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Kearl

Kearl

Kearl is considered one of Canada’s highest-quality oil sands deposits and is being developed with technology innovations that reduce cost and enhance environmental performance.  

Kearl is one of Canada’s highest quality oil sands deposits and represents the next generation of oil sands mining.  Technology innovation is at the heart of Kearl.  We’ve developed new approaches that enhance environmental performance and reduce cost.  For example, our use of Paraffinic Froth Treatment technology and the integration of energy-saving cogeneration means Kearl is able to produce blended bitumen with about the same life-cycle greenhouse gas emissions as many other crude oils refined in the United States.  (Access the November 2012 IHS CERA report)

Kearl has an estimated 4.6 billion barrels of recoverable bitumen resource, which will help meet North America’s energy needs for the next 40 years.  Production at Kearl’s initial development began in April 2013 while the start-up of the Kearl expansion in mid-2015 brought production capacity to 220,000 bpd.

Located 70 kilometres (43.5 miles) north of Fort McMurray, AB, Kearl is jointly owned by Imperial (71 percent) and ExxonMobil Canada (29 percent).

Contact

Imperial media line: (587) 476-7010
 
Shelley Larose
Socioeconomic Management Lead, Athabasca Region
(587) 476-4430
 
Jordan Nail
Aboriginal Supplier Development Advisor
(587) 476-4699

Saftey and emergency preparedness

Nothing is more important than the safety of employees, contractors and neighbours.  Our goal is Nobody Gets Hurt.  That’s our commitment to everyone who works at or lives near our operations.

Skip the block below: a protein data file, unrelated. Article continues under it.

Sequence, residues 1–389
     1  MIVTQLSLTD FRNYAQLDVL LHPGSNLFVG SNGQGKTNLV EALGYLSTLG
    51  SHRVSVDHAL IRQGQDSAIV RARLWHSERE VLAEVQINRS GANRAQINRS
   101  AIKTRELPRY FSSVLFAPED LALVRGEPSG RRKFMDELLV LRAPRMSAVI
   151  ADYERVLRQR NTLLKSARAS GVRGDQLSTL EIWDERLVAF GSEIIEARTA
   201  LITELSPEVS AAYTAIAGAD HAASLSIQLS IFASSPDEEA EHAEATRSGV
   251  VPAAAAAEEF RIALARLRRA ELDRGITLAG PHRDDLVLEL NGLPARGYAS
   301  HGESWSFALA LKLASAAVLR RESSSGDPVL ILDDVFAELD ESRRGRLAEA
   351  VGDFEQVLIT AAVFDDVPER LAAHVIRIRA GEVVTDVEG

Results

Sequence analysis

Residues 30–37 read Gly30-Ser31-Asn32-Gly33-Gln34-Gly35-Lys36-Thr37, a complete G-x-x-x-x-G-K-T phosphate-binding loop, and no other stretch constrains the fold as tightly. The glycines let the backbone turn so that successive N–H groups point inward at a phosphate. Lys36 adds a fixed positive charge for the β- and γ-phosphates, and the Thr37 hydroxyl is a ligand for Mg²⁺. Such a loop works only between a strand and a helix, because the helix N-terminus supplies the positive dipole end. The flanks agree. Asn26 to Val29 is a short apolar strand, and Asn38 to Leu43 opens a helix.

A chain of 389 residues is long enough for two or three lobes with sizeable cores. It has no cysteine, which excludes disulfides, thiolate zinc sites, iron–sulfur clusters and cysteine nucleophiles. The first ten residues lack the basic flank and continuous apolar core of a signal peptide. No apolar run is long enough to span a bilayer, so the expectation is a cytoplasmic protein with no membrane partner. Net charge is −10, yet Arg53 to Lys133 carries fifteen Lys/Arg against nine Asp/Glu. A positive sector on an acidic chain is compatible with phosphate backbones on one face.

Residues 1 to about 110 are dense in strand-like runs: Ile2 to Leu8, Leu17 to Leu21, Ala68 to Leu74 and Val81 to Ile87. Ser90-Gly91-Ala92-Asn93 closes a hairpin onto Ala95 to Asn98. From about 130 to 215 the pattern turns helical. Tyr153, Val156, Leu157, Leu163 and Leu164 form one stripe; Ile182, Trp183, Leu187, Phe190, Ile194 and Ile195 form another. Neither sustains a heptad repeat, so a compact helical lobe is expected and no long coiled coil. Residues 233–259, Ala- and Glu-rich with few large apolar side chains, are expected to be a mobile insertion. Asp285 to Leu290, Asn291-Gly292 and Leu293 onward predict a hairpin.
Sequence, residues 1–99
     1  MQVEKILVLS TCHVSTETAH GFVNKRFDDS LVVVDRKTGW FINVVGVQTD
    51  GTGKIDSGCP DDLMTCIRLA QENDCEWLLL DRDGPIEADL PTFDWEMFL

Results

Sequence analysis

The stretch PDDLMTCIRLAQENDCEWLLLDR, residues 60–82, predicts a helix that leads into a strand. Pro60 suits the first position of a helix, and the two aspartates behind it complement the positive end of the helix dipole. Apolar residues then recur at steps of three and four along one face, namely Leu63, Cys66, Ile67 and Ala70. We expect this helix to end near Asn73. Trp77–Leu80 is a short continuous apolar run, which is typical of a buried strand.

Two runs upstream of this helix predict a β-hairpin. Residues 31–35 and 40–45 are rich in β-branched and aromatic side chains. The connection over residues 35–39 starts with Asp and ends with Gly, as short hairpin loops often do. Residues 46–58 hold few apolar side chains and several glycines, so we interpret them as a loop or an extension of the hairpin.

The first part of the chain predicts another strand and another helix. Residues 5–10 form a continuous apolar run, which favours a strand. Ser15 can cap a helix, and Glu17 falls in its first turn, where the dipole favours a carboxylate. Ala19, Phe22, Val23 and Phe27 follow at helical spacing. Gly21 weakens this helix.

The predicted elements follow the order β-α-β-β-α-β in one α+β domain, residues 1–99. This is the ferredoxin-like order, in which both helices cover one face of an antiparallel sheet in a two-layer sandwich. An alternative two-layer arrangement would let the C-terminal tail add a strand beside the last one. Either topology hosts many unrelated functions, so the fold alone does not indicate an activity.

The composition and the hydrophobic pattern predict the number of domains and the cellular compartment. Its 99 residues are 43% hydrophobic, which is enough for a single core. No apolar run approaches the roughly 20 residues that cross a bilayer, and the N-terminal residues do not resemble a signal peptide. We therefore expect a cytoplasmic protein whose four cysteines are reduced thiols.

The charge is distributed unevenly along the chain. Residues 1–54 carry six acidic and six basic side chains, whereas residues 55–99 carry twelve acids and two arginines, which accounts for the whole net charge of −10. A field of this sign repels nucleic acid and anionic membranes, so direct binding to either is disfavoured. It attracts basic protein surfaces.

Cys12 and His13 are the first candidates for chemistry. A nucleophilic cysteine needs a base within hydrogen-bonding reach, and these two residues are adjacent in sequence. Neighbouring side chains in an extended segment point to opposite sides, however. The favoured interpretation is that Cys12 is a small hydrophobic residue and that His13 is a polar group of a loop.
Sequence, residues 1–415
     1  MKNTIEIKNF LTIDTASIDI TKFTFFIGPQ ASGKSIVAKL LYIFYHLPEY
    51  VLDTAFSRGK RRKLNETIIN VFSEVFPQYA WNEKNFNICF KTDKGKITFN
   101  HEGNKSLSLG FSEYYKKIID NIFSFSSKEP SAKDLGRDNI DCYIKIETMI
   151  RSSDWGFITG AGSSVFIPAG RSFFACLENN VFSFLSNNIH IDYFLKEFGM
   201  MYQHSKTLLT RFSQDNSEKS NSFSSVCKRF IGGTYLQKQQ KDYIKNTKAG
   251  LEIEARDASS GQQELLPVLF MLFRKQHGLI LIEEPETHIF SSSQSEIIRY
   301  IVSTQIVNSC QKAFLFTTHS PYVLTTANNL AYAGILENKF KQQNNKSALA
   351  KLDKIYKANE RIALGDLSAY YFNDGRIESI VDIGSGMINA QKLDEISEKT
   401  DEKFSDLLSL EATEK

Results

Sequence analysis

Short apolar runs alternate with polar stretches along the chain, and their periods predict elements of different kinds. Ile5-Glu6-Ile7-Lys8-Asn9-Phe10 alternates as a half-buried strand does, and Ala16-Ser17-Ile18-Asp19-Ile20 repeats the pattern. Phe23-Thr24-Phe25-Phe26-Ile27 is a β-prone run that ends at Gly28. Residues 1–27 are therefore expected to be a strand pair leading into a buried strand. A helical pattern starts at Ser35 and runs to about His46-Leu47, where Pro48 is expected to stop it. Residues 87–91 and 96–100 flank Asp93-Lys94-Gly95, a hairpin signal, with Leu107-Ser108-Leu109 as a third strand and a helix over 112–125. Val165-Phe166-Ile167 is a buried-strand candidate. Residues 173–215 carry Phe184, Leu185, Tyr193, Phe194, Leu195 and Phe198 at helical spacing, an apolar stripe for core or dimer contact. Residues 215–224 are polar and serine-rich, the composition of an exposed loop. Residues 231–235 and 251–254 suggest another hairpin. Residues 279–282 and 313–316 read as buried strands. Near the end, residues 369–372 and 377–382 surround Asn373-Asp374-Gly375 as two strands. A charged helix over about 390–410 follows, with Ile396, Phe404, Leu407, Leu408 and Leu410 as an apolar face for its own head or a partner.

All Kearl workers go through rigorous training, related to both site risks and the specific hazards associated with individual roles. Supervision is on-site to ensure workers are ready to work safely, every day.

Kearl has a fully-developed emergency response plan (ERP) that is tested regularly and supported by training and practice exercises, and ongoing communication with nearby communities.  We will reach out to nearby residents if required during an emergency, or if any day-to-day operations could impact those in the area.

Environment

We are always looking to improve technologies and practices that reduce our impact on the land, water and air.

Improved energy efficiency
The energy we use to extract and develop Kearl bitumen is reduced by using a proprietary froth treatment process that eliminated the need to build an upgrader. Energy-saving cogeneration (to produce steam and electricity) also helps reduce the energy draw from the Alberta electricity grid and to lower greenhouse gas emissions. 

Fish habitat
Kearl has completed Muskeg Lake, the first of three compensation lakes to connect to Kearl Lake and replace fish habitat disrupted by development.  These lakes are deep enough to allow fish to winter in them.

A significant amount of reclamation work has been done in the area.

Using technology to protect waterfowl 
State-of-the-art technology is helping Kearl to provide best-in-class levels of waterfowl protection.  The system provides 360-degree radar detection and tracking coverage extending to a range of two nautical miles.  Deterrent options include noise cannons, eye-safe lasers, scarecrow/effigies, and long-range acoustical devices that use a variety of deterrent noises.  The sounds are constantly changed in order to prevent birds from habituating to a consistent signal.  The system is maintained and operated by a dedicated on-site team, and operates throughout the annual bird migration and breeding season. 

Tailings 
Tailings are the water, clay, sand and a small amount of bitumen that remain after most of the bitumen has been removed from the sand during the extraction process.  These materials occur naturally under the surface of the land prior to being mined.  Imperial manages issues associated with tailings until they are safely returned underground as part of our ongoing reclamation of the Kearl lease.

Land use & reclamation